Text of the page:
Register for an account

X

Enter your name and email address below.

Your email address is used to log in and will not be shared or sold. Read our privacy policy.

X

Website access code

Enter your access code into the form field below.

If you are a Zinio, Nook, Kindle, Apple, or Google Play subscriber, you can enter your website access code to gain subscriber access. Your website access code is located in the upper right corner of the Table of Contents page of your digital edition.

Environment

Can Clean Coal Actually Work? Time to Find Out.

The first "clean coal" power plant is now up and running.

coal.jpg
Image courtesy of Vattenfall | NULL

Newsletter

Sign up for our email newsletter for the latest science news

The world’s first “clean coal” power plant fired up in September in the eastern German city of Spremberg. Traditional coal-fired power plants, which produce 36 percent of all carbon dioxide emissions in the United States, are the fastest-growing source of energy—and air pollution—around the world.

Clean coal technology does not release carbon dioxide into the air, instead using carbon capture and storage (CCS) to collect the gas, concentrate it, and pump it deep underground for permanent storage in natural geologic formations. At least that is the concept; there has never been an operational CCS system at a coal-fired power plant, until now.

The pilot plant in Spremberg, built by the Swedish utility Vattenfall, focuses on the carbon capture part of the equation. First coal is burned, boiling water and producing steam that drives a turbine to generate electricity. Then the resulting waste gas, largely carbon dioxide and water, is cycled back into a boiler in a process that concentrates the carbon dioxide. The concentrated gas is “scrubbed” by sulfur-absorbent materials to remove the compounds that cause acid rain. The CO2 that remains is condensed, compressed to a liquid under high pressure, and cooled to –18 degrees Fahrenheit, where it remains in liquid form. Vattenfall soon plans to begin trucking the liquid carbon dioxide more than 100 miles to a depleted natural gas field, where it will be pumped some 3,000 feet underground for storage.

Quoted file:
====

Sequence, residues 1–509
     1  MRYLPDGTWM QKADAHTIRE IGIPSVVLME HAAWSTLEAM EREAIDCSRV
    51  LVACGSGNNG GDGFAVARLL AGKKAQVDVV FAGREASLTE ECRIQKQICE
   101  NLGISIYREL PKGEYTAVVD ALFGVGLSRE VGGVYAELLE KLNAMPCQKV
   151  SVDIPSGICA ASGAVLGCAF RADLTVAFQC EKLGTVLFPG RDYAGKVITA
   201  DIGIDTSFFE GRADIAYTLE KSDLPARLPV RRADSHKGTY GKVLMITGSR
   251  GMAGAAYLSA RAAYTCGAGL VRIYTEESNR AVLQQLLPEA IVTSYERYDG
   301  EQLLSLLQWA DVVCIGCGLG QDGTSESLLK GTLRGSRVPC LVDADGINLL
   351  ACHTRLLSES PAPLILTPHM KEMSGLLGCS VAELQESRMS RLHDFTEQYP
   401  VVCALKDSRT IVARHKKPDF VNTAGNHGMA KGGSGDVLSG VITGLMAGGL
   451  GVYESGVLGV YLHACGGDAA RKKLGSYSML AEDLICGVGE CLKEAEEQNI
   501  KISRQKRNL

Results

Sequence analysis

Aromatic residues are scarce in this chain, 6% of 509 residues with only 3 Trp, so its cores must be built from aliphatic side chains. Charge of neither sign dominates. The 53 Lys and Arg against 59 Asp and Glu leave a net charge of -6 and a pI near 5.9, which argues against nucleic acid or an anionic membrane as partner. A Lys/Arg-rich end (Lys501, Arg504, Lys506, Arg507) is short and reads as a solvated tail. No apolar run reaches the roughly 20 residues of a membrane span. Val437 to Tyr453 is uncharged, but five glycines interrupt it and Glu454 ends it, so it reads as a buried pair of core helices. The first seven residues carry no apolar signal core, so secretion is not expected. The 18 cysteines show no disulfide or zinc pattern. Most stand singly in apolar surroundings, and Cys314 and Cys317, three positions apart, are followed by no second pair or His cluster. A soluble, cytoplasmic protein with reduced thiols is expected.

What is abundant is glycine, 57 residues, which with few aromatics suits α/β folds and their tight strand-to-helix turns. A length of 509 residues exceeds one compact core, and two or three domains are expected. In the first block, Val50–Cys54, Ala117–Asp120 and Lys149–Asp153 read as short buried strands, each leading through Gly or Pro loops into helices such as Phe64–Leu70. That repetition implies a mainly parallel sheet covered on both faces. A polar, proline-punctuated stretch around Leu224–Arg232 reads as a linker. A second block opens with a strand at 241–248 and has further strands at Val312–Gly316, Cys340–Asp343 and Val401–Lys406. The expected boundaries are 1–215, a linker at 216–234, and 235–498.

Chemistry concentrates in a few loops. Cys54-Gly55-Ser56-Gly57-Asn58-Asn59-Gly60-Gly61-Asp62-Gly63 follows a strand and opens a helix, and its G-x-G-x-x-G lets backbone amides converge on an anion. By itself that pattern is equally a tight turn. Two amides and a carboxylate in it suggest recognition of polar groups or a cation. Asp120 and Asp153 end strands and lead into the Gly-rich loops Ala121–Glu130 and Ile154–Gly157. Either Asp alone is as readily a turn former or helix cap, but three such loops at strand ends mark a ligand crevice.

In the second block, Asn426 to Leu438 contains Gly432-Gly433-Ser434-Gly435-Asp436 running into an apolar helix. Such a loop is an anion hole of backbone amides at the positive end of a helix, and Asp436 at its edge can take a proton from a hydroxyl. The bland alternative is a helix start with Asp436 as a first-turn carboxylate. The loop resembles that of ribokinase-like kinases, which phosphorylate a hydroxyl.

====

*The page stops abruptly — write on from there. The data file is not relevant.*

Vattenfall has high hopes for clean coal, but the company regards this process as a bridge to renewable-energy technologies rather than a permanent solution to climate change. “Sooner or later we have to find something else,” says Vattenfall’s Staffan Görtz. “Using this technology will buy us time.”

2 Free Articles Left

Want it all? Get unlimited access when you subscribe.

Subscribe

Already a subscriber? Register or Log In

Want unlimited access?

Subscribe today and save 70%

Subscribe

Already a subscriber? Register or Log In